Vaulted ceilings, meticulous built-ins, and a sense of pared-back restraint help solve the visual identity crisis-and structural issues-of a troubled ranch-style home.
For a couple who prefers simplicity, this renovation wasn’t quite that. Cynthia and Dino Corella, the married designers behind the firm Casa Luna Allegra, were looking to raise their two daughters on the quiet, tree-lined streets of suburban Los Angeles when they came across this property in the city’s Baldwin Vista area. "It’s a centrally located neighborhood that’s very diverse and established, and for our kids, it also has great parks," Dino says.
The couple worked within the existing footprint to modernize this midcentury home, which is modest but shines in the execution of the details. Scandinavian-style touches include an abundance of natural wood, sparse furnishings, and accessories with Danish-inspired design, including the LifeStraw Home water-filtering pitcher (shown).
This project’s pared-back interiors came from the homeowners’ revelation that they had way too much stuff in their lives and wanted to live more intentionally.
The house itself, which was a 1948, dilapidated one-story structure set on a corner lot, seemed straightforward enough. It had peeled paint and an uneven roofline, but as Dino confidently jokes, "Once you’ve done a few renovations, they don’t differ too much." They bought the house in January of 2020, filled with the promise of a new year and a fresh project. "I started to work on my plans alongside the demolition," Dino remembers. "We were rolling along on schedule until the pandemic hit."
"We have a set vision for every renovation we do, and for this one it was a modern, clean-lined home with a traditional feel," Dino notes. He designed the front door in white oak to match the interiors, and added an outsized, 4-foot handle.
The project was suddenly delayed and the building department was indefinitely closed, but that wasn’t the only obstacle the couple faced. "When we spoke to the previous owner, we found out that he started to do some renovations, but quickly realized it was going to be a huge challenge and stopped," Cynthia says of the unanticipated structural issues. She notes, "The home's foundation, framing, and sewer had problems. There was a lot to do."
"We wanted to use natural materials in a neutral color palette," Dino says of the sleek kitchen. "Adding the Smeg range lends that European element we were going for." White oak cabinetry and a brushed, soft gray limestone create more layers of texture.
Dino decided that the best way to face these separate hurdles was to simply focus on the work. His thoughtful plan embraced the home’s existing midcentury lines and opted to push them more toward those of a modern farmhouse. A backdrop for a palette of natural materials, the main house would have four bedrooms and three bathrooms, while a guest house behind it would be equipped with an extra bedroom and bathroom. "I like to take a home that has been neglected and turn it into the envy of the neighborhood," Dino says. "We wanted everything to feel thoughtful, down to the finishes and details."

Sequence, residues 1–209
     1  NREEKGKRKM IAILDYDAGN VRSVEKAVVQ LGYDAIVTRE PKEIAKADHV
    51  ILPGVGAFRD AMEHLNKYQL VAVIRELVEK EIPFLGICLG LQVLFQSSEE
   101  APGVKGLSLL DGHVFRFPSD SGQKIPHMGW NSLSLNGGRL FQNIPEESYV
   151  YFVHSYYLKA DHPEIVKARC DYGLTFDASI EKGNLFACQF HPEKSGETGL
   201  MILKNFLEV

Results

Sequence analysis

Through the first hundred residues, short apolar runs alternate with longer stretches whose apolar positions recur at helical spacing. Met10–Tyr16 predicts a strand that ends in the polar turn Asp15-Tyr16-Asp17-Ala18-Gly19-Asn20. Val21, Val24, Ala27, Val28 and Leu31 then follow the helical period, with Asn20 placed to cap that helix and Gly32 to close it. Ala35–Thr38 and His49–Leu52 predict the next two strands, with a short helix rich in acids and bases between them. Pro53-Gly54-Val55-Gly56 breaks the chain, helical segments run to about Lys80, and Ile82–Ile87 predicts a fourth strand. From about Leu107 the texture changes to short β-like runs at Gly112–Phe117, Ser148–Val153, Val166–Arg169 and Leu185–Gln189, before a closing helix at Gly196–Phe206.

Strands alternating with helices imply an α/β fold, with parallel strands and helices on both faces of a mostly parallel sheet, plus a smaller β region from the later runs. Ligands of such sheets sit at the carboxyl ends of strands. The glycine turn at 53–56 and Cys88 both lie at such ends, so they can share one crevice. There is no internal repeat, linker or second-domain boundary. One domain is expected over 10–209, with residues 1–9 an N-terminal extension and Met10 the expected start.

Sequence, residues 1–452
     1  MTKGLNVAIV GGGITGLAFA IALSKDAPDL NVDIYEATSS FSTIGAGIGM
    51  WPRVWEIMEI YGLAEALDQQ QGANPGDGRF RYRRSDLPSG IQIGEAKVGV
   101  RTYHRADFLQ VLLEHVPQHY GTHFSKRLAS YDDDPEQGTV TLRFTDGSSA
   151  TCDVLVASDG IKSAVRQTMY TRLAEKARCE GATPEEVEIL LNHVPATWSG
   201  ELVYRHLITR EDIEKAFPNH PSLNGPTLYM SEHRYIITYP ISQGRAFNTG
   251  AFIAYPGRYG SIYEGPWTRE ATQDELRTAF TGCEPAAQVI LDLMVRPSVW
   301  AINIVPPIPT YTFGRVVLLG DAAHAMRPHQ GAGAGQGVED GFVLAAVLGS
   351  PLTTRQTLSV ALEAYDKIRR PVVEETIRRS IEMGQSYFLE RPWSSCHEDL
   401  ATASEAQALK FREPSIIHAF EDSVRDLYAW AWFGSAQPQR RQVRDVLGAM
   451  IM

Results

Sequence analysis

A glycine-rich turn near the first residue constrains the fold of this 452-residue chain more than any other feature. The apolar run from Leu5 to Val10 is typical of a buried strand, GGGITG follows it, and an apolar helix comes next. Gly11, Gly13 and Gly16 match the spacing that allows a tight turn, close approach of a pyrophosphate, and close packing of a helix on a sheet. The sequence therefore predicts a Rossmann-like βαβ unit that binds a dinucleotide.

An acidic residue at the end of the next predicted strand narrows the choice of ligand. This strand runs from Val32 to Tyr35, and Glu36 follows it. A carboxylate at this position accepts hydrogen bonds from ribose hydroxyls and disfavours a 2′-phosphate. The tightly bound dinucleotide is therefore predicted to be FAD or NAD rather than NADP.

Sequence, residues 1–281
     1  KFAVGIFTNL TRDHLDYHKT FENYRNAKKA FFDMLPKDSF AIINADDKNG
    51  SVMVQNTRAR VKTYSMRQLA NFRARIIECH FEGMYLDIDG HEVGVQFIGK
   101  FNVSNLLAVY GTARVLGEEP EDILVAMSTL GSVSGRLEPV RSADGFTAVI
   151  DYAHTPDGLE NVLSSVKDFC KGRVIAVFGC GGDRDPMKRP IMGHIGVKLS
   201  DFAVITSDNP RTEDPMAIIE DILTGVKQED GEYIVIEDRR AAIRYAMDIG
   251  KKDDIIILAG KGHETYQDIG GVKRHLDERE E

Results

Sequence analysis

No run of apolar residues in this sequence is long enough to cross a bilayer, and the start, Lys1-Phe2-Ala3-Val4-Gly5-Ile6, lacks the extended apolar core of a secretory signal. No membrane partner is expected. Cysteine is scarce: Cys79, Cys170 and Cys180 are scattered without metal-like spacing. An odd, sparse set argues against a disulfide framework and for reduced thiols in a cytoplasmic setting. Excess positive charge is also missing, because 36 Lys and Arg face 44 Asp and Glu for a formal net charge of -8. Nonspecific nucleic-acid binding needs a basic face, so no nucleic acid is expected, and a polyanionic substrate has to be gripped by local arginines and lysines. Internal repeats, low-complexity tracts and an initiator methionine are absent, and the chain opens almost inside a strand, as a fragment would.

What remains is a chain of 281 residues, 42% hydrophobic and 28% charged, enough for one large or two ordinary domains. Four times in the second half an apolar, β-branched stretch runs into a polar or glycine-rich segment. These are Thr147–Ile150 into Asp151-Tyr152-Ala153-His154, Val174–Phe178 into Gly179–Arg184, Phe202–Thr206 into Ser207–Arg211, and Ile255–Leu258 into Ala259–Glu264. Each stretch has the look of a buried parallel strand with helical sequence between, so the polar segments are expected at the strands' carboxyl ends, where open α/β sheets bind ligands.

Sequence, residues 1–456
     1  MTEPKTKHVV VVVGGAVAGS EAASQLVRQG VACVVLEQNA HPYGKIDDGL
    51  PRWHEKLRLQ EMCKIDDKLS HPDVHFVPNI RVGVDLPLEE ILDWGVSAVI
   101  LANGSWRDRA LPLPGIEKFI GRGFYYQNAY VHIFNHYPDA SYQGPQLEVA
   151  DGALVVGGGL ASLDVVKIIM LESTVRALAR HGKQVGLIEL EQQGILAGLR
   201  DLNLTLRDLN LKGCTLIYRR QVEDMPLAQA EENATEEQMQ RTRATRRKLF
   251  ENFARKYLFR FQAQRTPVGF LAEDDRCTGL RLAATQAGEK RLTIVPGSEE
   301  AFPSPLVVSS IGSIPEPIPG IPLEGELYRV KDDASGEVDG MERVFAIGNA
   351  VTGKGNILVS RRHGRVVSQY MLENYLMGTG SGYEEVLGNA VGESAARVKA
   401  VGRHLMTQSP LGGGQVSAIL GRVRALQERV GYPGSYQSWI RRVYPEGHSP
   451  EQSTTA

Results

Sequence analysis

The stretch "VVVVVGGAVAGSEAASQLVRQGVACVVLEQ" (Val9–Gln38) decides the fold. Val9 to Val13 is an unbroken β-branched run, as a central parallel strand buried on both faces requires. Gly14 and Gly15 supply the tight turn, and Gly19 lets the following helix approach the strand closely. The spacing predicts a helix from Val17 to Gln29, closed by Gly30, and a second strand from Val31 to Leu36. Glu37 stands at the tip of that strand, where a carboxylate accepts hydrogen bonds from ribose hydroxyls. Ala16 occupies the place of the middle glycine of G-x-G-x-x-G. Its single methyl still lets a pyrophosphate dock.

"Cynthia made sure the kitchen had enough storage space along with the proper appliances," Dino notes. "She is a great cook, so the kitchen design was very important to her."
Bathed in natural light, the kitchen’s built-in eating nook is the perfect spot to linger over breakfast. The LifeStraw Home water-filtering pitcher’s simple, sleek design suits the home’s pared-back aesthetic.
Months later, when the industry began moving again, the couple turned their attention to the home’s crumbling foundation, which had settled up to seven inches in some areas and needed to be entirely replaced. "If you start with a building that’s level and plumb, then you end up with a building that’s level and plumb," Dino says of his insistence on creating a solid foundation. The Corellas rebuilt the frame within the same footprint and redesigned the front porch without eaves, then paired it all with new UV-grade windows and a tankless water heater for increased energy-efficiency.
The bedrooms especially lean into Scandinavian design, with a minimalist approach to furnishings.
Dino wanted the front door to make a statement, so he also designed it himself. "The scale of it gives you a sense of what to expect before entering the home," he says. "I actually selected the handle before I finished the sketch. Since it’s so long, we had to place it vertically. The vertical-slate design of the white oak complements this, and adds dimension to the more Scandinavian-style exterior," Dino notes.
"I wanted to bring a European style to the spaces," Dino says of the lavish custom millwork installed throughout the home.
Inside, the designers specified golden white oak for continuity, vaulted the ceilings, and swathed all the walls in white paint. The effect is especially successful in the kitchen, which sticks to this palette almost exclusively. "We didn't want stainless steel everywhere, nor did we want a lot of hardware," Cynthia says. "Concealing as many appliances as possible with white oak was a key concern. We wanted it to be warm and still functional."
Outside, Dino and Cynthia (pictured) revamped the grounds with new landscaping and seating areas. Like the LifeStraw water-filtering pitcher (shown), the couple’s remodel reflects a pairing of Scandinavian simplicity and award-winning functionality.
Different types of stone-like limestone for the kitchen countertops and marble for the bathroom flooring-incorporate a hint of texture into the extremely minimalist aesthetic the couple was after. And now that the renovation has wrapped, the couple can view the project as another challenge conquered. "Our lifestyle has always been a simple one," Dino says. "When it came to designing our home, it was all about creating a functional space that we knew we’d enjoy."